The General Service Administration and Office of Personnel Management lowered the access fees on the $11 billion training vehicle.
The government is making it cheaper for agencies take advantage of human capital and training services.
The General Services Administration and Office of Personnel Management announced Wednesday they lowered the access fee for Human Capital and Training Solutions contracts from 2 percent to 0.75 percent. In other words, agencies now pay less to use custom services offered under that acquisition category.
For some deals, agencies are required to pay GSA an access fee—typically set at some portion of the contract value—to cover the cost of developing and operating the acquisition vehicle. By reducing that fee, GSA and OPM aim to give agencies the extra push to invest in services that might have otherwise been too expensive.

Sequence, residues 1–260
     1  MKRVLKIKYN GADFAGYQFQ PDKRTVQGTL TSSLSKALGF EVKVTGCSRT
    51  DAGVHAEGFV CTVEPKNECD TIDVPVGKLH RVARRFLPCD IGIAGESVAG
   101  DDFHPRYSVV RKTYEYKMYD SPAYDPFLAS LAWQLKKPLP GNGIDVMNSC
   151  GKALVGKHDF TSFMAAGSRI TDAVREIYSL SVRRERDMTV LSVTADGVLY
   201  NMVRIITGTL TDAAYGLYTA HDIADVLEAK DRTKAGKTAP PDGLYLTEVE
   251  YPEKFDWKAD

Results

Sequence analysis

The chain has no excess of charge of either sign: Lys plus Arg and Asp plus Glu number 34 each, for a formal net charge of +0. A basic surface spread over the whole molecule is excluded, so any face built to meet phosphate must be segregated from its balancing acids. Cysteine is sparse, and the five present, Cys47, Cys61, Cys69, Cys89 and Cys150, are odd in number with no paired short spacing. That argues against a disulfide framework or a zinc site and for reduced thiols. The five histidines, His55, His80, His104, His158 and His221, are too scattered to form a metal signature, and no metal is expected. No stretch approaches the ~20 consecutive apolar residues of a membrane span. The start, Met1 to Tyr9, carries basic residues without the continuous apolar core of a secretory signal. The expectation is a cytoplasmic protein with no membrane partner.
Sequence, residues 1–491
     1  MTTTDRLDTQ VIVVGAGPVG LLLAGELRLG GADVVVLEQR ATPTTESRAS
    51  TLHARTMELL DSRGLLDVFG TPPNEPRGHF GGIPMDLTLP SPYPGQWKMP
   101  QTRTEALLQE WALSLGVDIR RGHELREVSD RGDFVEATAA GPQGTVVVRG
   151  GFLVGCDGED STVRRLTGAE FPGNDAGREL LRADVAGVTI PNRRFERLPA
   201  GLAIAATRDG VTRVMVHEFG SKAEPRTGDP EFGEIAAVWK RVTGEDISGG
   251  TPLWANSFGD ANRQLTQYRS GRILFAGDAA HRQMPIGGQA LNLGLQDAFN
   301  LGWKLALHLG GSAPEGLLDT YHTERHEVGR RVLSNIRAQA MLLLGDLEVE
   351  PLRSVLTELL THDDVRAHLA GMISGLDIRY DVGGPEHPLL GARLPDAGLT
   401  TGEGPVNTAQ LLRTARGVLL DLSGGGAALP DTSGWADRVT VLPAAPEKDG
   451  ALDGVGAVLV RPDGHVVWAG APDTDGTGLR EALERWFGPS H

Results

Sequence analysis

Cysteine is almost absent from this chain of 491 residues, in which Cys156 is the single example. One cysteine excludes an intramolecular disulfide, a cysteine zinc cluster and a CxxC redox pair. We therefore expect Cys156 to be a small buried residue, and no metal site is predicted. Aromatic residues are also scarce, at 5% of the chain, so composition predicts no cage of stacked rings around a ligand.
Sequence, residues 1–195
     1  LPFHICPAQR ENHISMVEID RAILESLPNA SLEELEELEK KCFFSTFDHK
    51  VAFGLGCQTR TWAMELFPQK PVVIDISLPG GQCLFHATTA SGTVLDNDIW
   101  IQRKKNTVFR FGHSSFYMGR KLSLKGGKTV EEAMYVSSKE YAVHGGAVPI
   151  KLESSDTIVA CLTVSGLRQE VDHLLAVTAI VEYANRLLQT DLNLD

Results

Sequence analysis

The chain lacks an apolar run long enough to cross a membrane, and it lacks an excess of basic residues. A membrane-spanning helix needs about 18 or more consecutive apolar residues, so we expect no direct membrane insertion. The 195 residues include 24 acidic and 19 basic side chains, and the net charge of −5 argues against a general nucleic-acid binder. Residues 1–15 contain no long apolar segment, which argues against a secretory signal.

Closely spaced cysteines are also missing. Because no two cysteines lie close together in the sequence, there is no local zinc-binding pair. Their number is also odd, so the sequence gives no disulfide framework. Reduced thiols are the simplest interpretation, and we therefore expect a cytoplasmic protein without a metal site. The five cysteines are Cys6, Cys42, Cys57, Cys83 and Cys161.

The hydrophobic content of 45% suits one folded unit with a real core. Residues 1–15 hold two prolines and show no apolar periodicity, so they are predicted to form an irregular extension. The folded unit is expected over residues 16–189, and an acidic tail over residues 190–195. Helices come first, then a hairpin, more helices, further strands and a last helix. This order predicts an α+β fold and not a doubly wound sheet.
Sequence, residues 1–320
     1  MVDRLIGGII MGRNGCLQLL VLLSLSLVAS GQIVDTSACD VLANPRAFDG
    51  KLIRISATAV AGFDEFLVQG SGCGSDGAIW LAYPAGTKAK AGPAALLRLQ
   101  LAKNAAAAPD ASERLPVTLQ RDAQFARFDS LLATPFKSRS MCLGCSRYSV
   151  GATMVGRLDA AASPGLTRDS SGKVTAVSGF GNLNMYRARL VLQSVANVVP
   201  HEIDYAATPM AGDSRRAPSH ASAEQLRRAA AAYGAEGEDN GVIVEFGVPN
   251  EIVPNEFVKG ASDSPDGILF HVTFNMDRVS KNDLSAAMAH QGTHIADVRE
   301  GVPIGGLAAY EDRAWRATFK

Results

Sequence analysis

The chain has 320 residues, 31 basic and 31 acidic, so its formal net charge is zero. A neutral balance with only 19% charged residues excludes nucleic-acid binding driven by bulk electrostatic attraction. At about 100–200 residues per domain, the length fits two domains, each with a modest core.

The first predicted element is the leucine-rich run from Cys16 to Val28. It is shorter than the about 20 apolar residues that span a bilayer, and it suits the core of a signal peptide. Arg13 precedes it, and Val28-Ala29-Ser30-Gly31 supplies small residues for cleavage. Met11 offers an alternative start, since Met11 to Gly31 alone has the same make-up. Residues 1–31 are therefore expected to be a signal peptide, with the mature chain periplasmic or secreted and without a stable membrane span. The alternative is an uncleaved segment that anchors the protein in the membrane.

“The HCaTS contracts were envisioned to support agencies in meeting complex people management challenges, including agency restructuring and reshaping," said OPM Director Jeff Pon. “The reduced [access fee] removes a cost barrier of the HCaTS contracts, which provides a strong incentive for federal agencies to use them to gain access to world-class industry partners, the human capital expertise of OPM and the acquisition expertise of GSA."
In 2016, GSA signed 109 companies onto an HCaTS contract worth up to $11.5 billion over the course of 10 years. Under the vehicle, vendors compete against one another to provide training and development, human capital and organizational performance improvement services to federal agencies.
And under the policy change, the cost to use those programs drops 60 percent.
The move comes as the government prepares for what some have called “a spending spree of potentially historic proportions.” Agencies received some $140 billion in unexpected funds through the 2018 omnibus spending bill, and they risk budget cuts if they don’t spend the money by the end of the fiscal year in September.
In the President’s Management Agenda, the Trump administration stressed the need to build a more tech-savvy federal workforce by “retooling people” for the 21st century. Agencies could likely access many of those training programs through the HCaTS contract vehicle.